The Court also finds that the first element of the Ellerth/Faragher defense is met. The record shows that Rise had various anti-discrimination policies and trainings in place. For example, Rise's Personnel Manual explained that discriminatory conduct would not be tolerated, and it set forth the procedures for reporting discriminatory conduct. (Exs. 1 and 2 to Stewart Dep. [Doc. No. 23-2].) Rise's Code of Conduct also prohibited discrimination "of any kind, " including "on the basis of race, color, creed, religion, sex, sexual orientation, national origin, age, disability, veteran status, marital status, or status with regard to public assistance." (Ex. 2 to Stewart Dep. at 5 [Doc. No. 23-3].) Further, Rise provided trainings and quarterly meetings to address discrimination and harassment issues, which Ms. Stewart attended. (Stransky Dep. at 18-21.) Finally, the record suggests that Ms. Stewart could have complained about any harassment by her staff to Rise's management. These circumstances show that Rise took reasonable care to prevent any sexually harassing behavior.

For these reasons, the Court grants Rise's motion for summary judgment on Ms. Stewart's hostile work environment claim.

D. Retaliation and Whistleblower Claims

Federal law prohibits an employer from discriminating against an employee who "has opposed any practice" made unlawful by Title VII, or "made a charge, testified, assisted, or participated in any manner in an investigation, proceeding or hearing" under the statute. 42 U.S.C. § 2000e-3(a); see Barker v. Missouri Dep't of Corr. , 513 F.3d 831, 834 (8th Cir. 2008). And under Minnesota's Whistleblower Act,

An employer shall not discharge, discipline, threaten, otherwise discriminate against, or penalize an employee regarding the employee's compensation, terms, conditions, location, or privileges of employment because:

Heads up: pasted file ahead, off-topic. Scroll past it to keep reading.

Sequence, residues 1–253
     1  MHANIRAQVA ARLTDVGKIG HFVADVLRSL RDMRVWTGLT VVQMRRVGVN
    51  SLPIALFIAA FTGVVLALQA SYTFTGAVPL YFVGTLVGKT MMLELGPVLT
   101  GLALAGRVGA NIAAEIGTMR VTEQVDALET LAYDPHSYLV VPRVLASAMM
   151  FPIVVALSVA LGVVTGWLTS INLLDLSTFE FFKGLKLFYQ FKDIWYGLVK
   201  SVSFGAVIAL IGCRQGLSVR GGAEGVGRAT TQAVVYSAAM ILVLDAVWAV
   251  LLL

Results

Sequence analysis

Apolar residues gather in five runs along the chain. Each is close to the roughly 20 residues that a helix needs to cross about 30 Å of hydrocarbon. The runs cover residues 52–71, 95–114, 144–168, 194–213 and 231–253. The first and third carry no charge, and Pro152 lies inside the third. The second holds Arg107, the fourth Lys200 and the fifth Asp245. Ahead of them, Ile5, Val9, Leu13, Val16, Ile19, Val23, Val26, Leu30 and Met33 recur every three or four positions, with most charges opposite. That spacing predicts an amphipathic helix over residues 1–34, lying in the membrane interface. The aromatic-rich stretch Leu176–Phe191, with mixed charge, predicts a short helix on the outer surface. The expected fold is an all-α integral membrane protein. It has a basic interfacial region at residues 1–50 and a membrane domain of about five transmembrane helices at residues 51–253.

(1) the employee, or a person acting on behalf of an employee, in good faith, reports a violation, suspected violation, or planned violation of any federal or state law or common law or rule adopted pursuant to law to an employer or to any governmental body or law enforcement official.

MINN. STAT. § 181.932, subd. 1. In the absence of direct evidence, as here, Ms. Stewart's Title VII retaliation claim and Minnesota whistleblower claim are analyzed under the McDonnell Douglas burden-shifting framework. See McDonald v. City of St. Paul , 679 F.3d 698, 707 (8th Cir. 2012) (applying McDonnell Douglas framework to Title VII and MHRA retaliation claims); Hitchcock v. FedEx Ground Package Sys., Inc. , 442 F.3d 1104, 1106 (8th Cir. 2006) (applying McDonnell Douglas framework to claims under Minn. Stat. § 181.932).

1. Prima Facie Case

To establish a prima facie case of retaliation, Ms. Stewart must show that (1) she engaged in protected conduct, (2) reasonable employees would have found the challenged retaliatory action materially adverse, and (3) the materially adverse action was causally linked to the protected conduct.[4] Weger v. City of Ladue , 500 F.3d 710, 726 (8th Cir. 2007). A "materially adverse action" is one that "would have dissuaded a reasonable worker from making or supporting a claim of discrimination.'" Hervey v. Cnty. of Koochiching , 527 F.3d 711, 722 (8th Cir. 2008).

Ms. Stewart alleges that Rise terminated her employment on March 12, 2012, in retaliation for filing her charge of discrimination with the EEOC on February 6, 2012, and complaining about a hostile work environment to Rise. (Compl. ¶ 44 [Doc. No. 1].) At issue is the third element of a prima facie case: whether the termination of Ms. Stewart was causally linked to the protected conduct. Ms. Stewart relies on the timing of her protected activity and subsequent termination to establish that Rise's actions were retaliatory. (Pl.'s Mem. of Law in Opp'n to Summ. J. at 53-54 [Doc. No. 34].)